Islands kristnande - en kritisk undersökning

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In all works on medieval Iceland, we meet the same narrative of the conversion of Iceland to Christianity, which is supposed to have taken place in the year 999 or 1000 AD. But how does this narrative stand the trial of source criticism? Radical source criticism was introduced in Nordic historiography when Lauritz Weibull published his Critical Studies in Nordic History Around the Year 1000 in 1911. To mark the centenary of this first appearance of ”the Weibull school” in Swedish historiography, I will apply Lauritz Weibull’s critical methods to the case of the conversion of Iceland in this article.

The traditional dating of the Icelandic conversion rests on one source only: Íslendingabók (“Book of the Icelanders”) by the 12th century clergyman Ari Þorgilsson hinn fróði (Ari “the wise”). Ari tells us of a conflict between pagans and Christians at the Alþingi, the central thing assembly of Iceland, and how a political compromise was reached which allowed men to continue to secretly follow heathen customs, although Christianity was adopted as official religion. Although source critical reservations are made in modern works, mostly concerning Ari’s close connection to the leading families, the details of the story are frequently repeated by modern scholars, and it is regarded as a fact that the conversion of Iceland took place as a result of a compromise around the year 1000.

Ari’s account was written around 125 years after the actions he is writing about. According to normal rules of source criticism, we cannot accept information from such a late source if we do not have any other material, closer in time to the events studied, to support it. And there is no material of this kind. There simply do not exist any sources on Iceland from such an early time. We must conclude that we have no possibility of verifying Ari’s statements.

We must search for contemporary sources. In the papal letters concerning mission in the North, Danes, Swedes and Norwegians are frequently mentioned in the early 11th century, but not Icelanders. Iceland is, e.g., omitted in the letter of Clement II of 1047, but it figures as a part of the missionary area of the archbishops of Hamburg-Bremen in the letter of Leo IX in 1053. This is the first dated mention of Iceland in any written source. In a narrative source from the early 1070s, the Chronicle of the archbishops of Hamburg-Bremen by Adam of Bremen, it is said that the Icelanders were converted during the archiepiscopate of Adalbert. According to Adam, the Icelanders sent a man to Bremen in the 1050s, who was consecrated bishop by Adalbert. This lends support to Ari’s information that the first Icelandic bishop, Ísleifur, was consecrated at that time.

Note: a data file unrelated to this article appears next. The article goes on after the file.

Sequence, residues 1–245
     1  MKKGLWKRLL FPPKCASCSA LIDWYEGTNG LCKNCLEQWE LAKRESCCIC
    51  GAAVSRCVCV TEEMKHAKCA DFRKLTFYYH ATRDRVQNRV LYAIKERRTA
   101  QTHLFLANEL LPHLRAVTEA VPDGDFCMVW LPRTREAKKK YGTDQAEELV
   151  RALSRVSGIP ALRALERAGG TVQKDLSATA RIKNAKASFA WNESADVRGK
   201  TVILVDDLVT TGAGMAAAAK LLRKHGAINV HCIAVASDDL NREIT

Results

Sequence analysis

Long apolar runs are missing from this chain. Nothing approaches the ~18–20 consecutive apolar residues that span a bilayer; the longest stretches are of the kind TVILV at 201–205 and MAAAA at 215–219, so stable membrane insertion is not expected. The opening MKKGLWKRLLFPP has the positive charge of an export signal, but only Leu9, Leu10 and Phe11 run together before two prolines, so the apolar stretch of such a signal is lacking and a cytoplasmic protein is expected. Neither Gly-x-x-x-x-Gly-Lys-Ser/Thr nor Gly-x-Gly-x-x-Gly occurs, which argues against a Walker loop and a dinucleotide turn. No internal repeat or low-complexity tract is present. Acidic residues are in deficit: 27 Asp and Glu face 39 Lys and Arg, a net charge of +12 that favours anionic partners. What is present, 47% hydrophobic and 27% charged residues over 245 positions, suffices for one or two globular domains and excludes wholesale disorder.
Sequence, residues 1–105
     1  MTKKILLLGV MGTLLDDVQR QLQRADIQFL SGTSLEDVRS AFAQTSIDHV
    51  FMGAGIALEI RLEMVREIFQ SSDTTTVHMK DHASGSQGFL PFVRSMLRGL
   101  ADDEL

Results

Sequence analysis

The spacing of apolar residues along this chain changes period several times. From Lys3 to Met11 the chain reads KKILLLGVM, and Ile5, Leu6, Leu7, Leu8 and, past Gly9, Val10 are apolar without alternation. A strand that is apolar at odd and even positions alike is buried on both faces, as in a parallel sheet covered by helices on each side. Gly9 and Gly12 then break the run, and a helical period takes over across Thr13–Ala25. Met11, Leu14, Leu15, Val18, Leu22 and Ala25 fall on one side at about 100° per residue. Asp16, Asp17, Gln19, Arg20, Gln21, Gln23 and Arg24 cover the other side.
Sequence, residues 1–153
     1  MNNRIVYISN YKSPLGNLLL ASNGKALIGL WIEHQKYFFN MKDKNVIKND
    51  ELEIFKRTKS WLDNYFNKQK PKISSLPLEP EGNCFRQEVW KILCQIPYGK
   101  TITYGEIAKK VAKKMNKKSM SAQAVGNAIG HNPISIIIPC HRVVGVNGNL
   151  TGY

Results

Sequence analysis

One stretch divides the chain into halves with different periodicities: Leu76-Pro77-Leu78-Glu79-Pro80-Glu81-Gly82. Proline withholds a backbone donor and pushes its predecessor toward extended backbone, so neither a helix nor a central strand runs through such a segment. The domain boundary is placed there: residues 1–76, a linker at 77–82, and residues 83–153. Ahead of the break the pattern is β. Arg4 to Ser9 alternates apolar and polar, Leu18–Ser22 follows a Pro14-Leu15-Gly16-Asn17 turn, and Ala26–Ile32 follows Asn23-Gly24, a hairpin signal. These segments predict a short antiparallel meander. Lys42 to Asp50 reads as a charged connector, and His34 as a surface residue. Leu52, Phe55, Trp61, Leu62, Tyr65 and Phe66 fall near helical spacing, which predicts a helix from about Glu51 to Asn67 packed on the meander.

A critical examination leads, thus, to the conclusion that, as far as we can tell from the existing sources, Iceland was made part of the Christian church in the 1050s. Very likely, a period of mission and of conflicts between Christian and pagan groups preceded this formal Christianization. There could very well be something in the story told by Ari about a compromise around the year 1000. But from a position of radical source criticism, we can only conclude that we know nothing about a possible conversion at that time.


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Ämnesklassifikation (UKÄ) – OBLIGATORISK

  • Historia


Sidor (från-till)18-37
Utgåva nummer2
StatusPublished - 2011
Peer review utfördJa